Frozen foods too hot for COVID19 lockdown

The frozen food market has gained immense popularity over the last few years owing to the changing food preferences among millennials. The active lifestyle of this generation demands easy to cook ready food that saves time while preserving the nutrient factor. This is where the frozen food market has created their customer base with its convenient and nutritious food items. Advance in biotechnology has propelled the discovery of innovative and customized food chains that meet the current expectations of customers. With concerns related to safety in handling and the higher prevalence of ‘no-contact’ deliveries, the demand for Ready to Eat (RTE), Ready to Cook (RTC), and frozen foods is expected to soar.

Indian frozen food market is expected to be growing at 17% annually during 2020–24 according to The International Market Analysis Research and Consulting Group (IMARC Group). Even as many sectors are faced with a slump, the frozen food sector has been seeing an upward spiral, growing by the passing day as customers become busy and health-conscious. The frozen foods market in India was valued at INR 85.27 Bn in 2019 and is expected to reach INR 192.96 Bn by 2024, expanding at a compound annual growth rate (CAGR) of ~17.74% during the 2019–2024 period. Based on the sales channel, the Indian frozen food market is segmented into retailers, food service providers, and export. In 2019, the export segment held ~47.64% of the total market revenue. This segment is anticipated to dominate till the end of 2024, as the demand for food continues to rise globally. The retail segment is expected to be the fast-growing one, expanding at a CAGR of 21.44% during the forecast period and is expected to account for ~22.78% of the frozen food market revenue by 2024.

RTC market in India stands at INR 2100 Cr in 2019 and the market is expected to grow at a CAGR of 18% to reach INR 4800 Cr by 2024. This is further segmented into non-frozen and frozen RTC product with the frozen taking bulk share of the market at present. However, non-frozen RTC is expected to grow at a faster pace compared to frozen RTC food, and the mix of frozen and non-frozen RTC is expected to evolve from 73%:27% in 2019 to 70%:30% by 2024.

Segmentation fo the frozen food market. Source: https://redseer.com/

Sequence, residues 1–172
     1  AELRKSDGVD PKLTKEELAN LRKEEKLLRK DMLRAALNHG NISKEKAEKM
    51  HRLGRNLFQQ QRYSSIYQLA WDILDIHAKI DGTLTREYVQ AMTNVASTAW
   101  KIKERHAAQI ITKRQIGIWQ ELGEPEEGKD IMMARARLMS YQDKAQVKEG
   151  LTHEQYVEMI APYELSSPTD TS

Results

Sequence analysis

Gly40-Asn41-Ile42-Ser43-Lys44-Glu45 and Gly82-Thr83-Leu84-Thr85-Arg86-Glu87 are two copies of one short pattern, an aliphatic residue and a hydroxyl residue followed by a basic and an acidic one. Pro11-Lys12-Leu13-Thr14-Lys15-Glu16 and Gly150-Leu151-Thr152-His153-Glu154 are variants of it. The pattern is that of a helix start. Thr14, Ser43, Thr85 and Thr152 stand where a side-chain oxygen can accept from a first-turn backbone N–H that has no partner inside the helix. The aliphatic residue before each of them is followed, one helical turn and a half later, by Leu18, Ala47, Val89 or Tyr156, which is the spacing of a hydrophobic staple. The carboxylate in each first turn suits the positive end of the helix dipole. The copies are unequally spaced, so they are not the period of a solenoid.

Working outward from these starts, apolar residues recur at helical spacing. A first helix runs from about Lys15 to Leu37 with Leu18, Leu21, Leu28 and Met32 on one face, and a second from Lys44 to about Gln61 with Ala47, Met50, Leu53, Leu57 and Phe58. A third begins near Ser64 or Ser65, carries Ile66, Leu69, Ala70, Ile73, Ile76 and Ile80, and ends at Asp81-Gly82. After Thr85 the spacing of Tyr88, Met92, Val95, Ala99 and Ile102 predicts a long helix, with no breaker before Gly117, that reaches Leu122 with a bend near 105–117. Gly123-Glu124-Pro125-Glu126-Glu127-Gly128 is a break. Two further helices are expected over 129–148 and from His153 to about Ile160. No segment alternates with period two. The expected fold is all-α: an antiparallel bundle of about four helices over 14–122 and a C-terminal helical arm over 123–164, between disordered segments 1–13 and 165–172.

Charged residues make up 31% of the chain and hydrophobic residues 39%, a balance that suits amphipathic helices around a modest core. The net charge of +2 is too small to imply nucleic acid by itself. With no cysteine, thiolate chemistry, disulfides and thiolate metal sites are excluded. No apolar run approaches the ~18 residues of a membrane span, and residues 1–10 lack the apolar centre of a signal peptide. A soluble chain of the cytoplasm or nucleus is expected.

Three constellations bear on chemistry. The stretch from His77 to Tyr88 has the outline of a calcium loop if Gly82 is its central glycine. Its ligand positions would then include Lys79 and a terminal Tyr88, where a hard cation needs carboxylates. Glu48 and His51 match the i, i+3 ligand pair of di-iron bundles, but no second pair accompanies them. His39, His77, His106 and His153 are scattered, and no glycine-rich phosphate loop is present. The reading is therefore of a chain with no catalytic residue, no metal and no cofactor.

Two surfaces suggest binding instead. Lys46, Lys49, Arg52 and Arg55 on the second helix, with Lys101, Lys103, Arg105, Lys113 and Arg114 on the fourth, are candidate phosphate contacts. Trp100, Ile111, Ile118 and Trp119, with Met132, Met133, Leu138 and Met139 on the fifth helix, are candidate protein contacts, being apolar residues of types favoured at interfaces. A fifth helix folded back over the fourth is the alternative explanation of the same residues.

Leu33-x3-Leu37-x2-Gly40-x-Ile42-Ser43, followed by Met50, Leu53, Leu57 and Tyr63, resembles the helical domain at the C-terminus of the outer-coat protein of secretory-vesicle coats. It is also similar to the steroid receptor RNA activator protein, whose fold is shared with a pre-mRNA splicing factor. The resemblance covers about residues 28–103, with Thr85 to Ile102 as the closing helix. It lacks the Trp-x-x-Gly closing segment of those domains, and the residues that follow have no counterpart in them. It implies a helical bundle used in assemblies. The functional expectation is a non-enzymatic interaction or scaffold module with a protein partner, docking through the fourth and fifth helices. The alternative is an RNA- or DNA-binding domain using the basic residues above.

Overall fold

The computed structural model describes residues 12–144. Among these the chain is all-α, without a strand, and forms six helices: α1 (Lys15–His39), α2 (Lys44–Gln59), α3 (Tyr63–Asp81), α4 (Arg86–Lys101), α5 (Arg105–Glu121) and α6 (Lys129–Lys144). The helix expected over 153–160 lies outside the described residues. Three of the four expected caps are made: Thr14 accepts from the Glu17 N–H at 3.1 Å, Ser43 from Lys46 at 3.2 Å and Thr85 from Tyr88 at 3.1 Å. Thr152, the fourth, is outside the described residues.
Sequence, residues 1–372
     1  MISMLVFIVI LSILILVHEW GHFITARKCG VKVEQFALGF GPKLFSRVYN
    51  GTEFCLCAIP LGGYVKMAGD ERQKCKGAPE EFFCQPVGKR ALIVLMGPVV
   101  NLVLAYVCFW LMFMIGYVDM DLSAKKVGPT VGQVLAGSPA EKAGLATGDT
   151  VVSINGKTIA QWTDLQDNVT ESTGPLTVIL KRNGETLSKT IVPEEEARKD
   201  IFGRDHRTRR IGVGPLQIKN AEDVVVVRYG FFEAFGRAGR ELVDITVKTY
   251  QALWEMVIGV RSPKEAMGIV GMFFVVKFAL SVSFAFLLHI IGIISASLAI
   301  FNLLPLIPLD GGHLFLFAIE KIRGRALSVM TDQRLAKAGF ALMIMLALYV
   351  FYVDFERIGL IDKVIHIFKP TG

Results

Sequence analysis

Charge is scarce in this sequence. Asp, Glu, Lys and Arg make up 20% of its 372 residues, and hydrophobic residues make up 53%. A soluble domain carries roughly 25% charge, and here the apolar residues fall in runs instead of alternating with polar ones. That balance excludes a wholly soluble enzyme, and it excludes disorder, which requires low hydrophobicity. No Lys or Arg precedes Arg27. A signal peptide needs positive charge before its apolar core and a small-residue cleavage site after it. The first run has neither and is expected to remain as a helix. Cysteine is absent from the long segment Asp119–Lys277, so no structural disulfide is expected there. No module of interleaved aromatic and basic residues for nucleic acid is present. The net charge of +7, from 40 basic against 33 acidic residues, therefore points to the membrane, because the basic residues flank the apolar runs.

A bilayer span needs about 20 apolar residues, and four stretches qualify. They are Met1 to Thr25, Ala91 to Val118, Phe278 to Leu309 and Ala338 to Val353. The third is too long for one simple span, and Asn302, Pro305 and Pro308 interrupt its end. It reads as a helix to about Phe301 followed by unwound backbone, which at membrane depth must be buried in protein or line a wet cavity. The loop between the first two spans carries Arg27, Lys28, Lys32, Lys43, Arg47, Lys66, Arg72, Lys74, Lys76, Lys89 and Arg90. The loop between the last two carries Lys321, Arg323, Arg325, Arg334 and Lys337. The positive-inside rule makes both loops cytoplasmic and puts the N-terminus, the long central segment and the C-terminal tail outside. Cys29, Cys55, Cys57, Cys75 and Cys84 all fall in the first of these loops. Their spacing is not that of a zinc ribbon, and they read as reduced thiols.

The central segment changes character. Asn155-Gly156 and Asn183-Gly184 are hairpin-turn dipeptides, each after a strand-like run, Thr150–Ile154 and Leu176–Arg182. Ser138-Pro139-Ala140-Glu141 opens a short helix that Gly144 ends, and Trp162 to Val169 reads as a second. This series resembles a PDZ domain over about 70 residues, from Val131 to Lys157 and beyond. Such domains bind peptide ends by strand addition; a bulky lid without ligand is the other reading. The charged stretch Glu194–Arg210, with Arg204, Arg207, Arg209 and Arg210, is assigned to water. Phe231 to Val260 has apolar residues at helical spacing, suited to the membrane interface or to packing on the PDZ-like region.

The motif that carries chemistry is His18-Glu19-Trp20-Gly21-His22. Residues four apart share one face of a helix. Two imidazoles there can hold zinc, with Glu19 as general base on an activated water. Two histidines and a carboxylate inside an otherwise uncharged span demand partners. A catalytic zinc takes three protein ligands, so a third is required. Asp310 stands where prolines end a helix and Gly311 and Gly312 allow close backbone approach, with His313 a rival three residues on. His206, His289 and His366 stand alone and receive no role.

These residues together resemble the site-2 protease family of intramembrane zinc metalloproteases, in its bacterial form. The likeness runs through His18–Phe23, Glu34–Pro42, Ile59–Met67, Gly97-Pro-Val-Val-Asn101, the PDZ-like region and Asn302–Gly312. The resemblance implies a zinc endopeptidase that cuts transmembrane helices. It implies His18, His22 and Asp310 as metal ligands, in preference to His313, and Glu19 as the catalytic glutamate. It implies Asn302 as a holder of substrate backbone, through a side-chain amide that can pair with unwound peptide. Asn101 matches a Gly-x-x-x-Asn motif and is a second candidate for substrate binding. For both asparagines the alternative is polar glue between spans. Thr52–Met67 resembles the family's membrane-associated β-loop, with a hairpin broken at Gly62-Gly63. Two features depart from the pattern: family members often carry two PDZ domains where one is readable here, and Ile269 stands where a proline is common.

The current lockdown due to COVID19 has resulted in an uptick in the demand for these products. To sustain this growth achieved in this lockdown, infrastructural challenges need to be ironed out. Improving the shelf-life and packaging of frozen foods are the two key elements. Consequently, several frozen food providers are investing in various technologies to store frozen vegetables, frozen meat/fish, and partially and fully-cooked food for longer durations. The majority of the consumption of frozen foods is still happening in Tier1 cities. In order to increase their penetration to tier 2 and 3 cities, innovations in supply chain business models, energy-efficient cooling technology has to be implemented. Psychological barriers are also prevalent in rural areas, where the consumption is lower due to poor information on quality, ingredients, nutritional factors, and traceability. However, the present lockdown has resulted in a surge in the use of cellular phones in rural areas, and innovations can come in for higher traceability coupled with an uninterrupted cold chain. Information on the level of sanitization maintained at each level of the supply chain is an important parameter in traceability.

Leveraging the supply chain established by consumer goods giants like ITC, PnG would help in reaching out deep in the rural networks. Modular cold storage solutions, as provided by Tan90 can be useful here particularly where part-truck loading is of primary importance. The use of solar energy or farm-waste as energy inputs to maintain the cold chain at the end-point would be interesting. Through these interventions, corporates can turn more attention to the rural and semi-urban regions.

The above report has been compiled by Raghava Segu, who is an intern at Tan90 and is helping the organization with his insights on customer segments and acquisition. Tan90 is a DPIIT recognized start-up working towards energy-efficient and cost-effective cold chain solutions